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Timothy Verstynen - Carnegie Mellon University. Pittsburgh, PA, US

Timothy Verstynen

Associate Professor | Carnegie Mellon University


Timothy Verstynen's research focuses on how our brains allow us to explore our environments and learn from experience.


Timothy Verstynen's research focuses on how our brains allow us to explore our environments and learn from experience, with the goal of translating these findings from neuroscience to artificial intelligence. He is an expert in multiple neuroimaging methods, psychophysics, computational modeling, and experimental design. He has experience running startups (co-founder of NeuroScouting LLC), writing popular science books (Do Zombies Dream of Undead Sheep?), press appearances (featured in the Fastball documentary), as well as building and running neuroimaging centers (as co-director of the CMU-Pitt Brain Imaging Data Generation & Education (BRIDGE) Center).

Areas of Expertise (4)

Cognitive Neuroscience

Cognitive Science


Learning Science

Media Appearances (5)

High-profile paper that used AI to identify suicide risk from brain scans retracted for flawed methods

Retraction Watch  online


“It was a big, splashy finding,” said Timothy Verstynen, an associate professor of psychology at Carnegie Mellon University in Pittsburgh, who was not involved in the research. But at a neuroimaging conference soon after the publication, other researchers discussed the study “in kind of a sense of disbelief,” he said.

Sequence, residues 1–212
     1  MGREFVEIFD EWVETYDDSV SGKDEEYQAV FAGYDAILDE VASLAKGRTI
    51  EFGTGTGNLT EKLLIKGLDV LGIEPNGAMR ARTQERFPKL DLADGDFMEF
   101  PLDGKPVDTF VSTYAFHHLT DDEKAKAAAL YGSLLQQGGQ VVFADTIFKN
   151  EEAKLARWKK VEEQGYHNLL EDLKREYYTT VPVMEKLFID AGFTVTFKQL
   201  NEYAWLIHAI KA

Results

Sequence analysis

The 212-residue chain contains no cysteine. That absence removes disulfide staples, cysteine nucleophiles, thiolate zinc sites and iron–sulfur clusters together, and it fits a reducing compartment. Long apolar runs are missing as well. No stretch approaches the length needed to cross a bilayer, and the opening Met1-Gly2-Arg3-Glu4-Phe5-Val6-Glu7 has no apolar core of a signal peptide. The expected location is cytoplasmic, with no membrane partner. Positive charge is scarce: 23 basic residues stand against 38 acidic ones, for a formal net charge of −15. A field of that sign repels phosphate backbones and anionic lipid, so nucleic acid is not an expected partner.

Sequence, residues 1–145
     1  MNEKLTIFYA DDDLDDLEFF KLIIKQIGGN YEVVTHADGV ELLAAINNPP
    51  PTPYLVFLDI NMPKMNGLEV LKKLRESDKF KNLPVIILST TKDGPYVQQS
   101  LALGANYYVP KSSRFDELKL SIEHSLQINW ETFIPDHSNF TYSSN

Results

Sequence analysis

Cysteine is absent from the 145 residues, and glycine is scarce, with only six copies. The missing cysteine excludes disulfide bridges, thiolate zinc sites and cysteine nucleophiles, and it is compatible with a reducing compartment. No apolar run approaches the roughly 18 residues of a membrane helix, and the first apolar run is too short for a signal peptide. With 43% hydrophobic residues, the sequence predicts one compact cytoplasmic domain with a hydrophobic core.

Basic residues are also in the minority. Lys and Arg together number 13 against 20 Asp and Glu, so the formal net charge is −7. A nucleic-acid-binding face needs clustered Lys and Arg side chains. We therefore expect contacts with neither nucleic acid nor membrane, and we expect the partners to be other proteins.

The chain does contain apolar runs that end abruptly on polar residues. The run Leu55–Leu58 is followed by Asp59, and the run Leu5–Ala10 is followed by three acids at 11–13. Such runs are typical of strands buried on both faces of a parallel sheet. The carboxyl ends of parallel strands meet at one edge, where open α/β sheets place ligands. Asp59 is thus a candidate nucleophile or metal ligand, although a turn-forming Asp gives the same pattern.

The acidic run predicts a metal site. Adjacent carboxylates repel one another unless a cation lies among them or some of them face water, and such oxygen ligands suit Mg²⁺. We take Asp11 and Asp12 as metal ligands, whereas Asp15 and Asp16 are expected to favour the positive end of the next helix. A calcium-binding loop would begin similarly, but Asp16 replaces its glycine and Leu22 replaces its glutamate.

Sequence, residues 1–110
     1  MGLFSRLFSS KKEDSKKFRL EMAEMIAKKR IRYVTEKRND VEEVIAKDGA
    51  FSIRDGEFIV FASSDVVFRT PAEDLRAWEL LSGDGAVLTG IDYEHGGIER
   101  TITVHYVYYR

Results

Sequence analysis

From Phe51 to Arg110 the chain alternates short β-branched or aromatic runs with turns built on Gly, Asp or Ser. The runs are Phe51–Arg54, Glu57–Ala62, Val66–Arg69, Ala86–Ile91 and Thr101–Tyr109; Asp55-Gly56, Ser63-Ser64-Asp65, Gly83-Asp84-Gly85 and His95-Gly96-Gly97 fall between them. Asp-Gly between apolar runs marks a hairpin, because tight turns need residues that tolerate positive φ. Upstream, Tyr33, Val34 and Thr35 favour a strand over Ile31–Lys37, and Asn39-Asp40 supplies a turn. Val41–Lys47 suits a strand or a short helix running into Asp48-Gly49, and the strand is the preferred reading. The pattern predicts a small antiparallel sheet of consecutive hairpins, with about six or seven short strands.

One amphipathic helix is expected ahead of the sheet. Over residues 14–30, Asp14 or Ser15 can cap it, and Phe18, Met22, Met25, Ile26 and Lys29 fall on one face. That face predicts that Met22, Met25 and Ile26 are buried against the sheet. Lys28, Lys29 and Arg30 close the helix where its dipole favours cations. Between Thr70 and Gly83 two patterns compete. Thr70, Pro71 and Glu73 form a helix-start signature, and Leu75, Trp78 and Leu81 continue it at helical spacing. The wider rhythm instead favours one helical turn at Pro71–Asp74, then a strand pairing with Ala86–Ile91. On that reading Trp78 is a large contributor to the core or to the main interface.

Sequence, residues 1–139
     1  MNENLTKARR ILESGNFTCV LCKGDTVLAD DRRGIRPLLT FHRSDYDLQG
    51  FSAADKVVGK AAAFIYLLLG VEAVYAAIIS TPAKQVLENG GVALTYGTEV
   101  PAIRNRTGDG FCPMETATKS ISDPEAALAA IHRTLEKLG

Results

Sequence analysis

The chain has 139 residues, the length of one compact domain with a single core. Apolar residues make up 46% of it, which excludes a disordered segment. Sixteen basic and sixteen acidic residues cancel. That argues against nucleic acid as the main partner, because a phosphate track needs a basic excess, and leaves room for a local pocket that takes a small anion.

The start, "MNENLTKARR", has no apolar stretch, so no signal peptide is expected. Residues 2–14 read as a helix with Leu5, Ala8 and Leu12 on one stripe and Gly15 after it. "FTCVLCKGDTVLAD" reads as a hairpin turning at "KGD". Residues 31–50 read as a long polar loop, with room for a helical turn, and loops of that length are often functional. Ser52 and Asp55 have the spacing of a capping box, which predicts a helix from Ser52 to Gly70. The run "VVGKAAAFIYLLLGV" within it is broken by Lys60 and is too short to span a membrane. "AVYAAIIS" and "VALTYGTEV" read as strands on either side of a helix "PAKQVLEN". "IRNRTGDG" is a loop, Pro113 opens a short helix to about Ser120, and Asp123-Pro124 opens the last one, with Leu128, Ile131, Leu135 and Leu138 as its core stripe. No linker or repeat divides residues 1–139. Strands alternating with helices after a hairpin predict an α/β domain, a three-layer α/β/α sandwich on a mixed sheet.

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The Real Face of Cancel Culture

Inside Higher Ed  online


Criticism is not canceling, and the victim narrative is particularly pernicious in light of attacks on academics and teachers at home and abroad, Timothy Verstynen writes.

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How nutritious are brains? Scientific answers on how zombies operate

The Washington Post  online


Why is that? Perhaps because they’ve lost function in key parts of their rapidly decaying brains, said Carnegie Mellon cognitive neuroscientist Timothy Verstynen, co-author of “Do Zombies Dream of Undead Sheep?”

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'Fastball' Documentary Explores Classic Showdown Between Pitcher And Batter

NPR  online


TIMOTHY VERSTYNEN: The pitcher is pushing the limits of how fast a ball can go. And that limit is coming close to the limit of how fast a hitter can make a decision. And so you have these two extremes of human performance doing this kind of dance right at the edge of where their biology is constraining them.

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New Book Explores the Zombie Brain

Scientific American  online


The wait has been long, but the discipline of neuroscience has finally delivered a full-length treatment of the zombie phenomenon. In their book, Do Zombies Dream of Undead Sheep?, scientists Timothy Verstynen and Bradley Voytek cover just about everything you might want to know about the brains of the undead. It's all good fun, and if you learn some serious neuroscience along the way, well, that's fine with them, too. Voytek answered questions from contributing editor Gareth Cook.

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Timothy Verstynen Publication




Do Zombies Dream of Undead Sheep? | Tim Verstynen | Talks at Google Do Zombies Dream of Undead Sheep? | Tim Verstynen | Talks at Google BrainHub Interview: Tim Verstynen



Industry Expertise (1)


Accomplishments (2)

WEF Young Scientist (professional)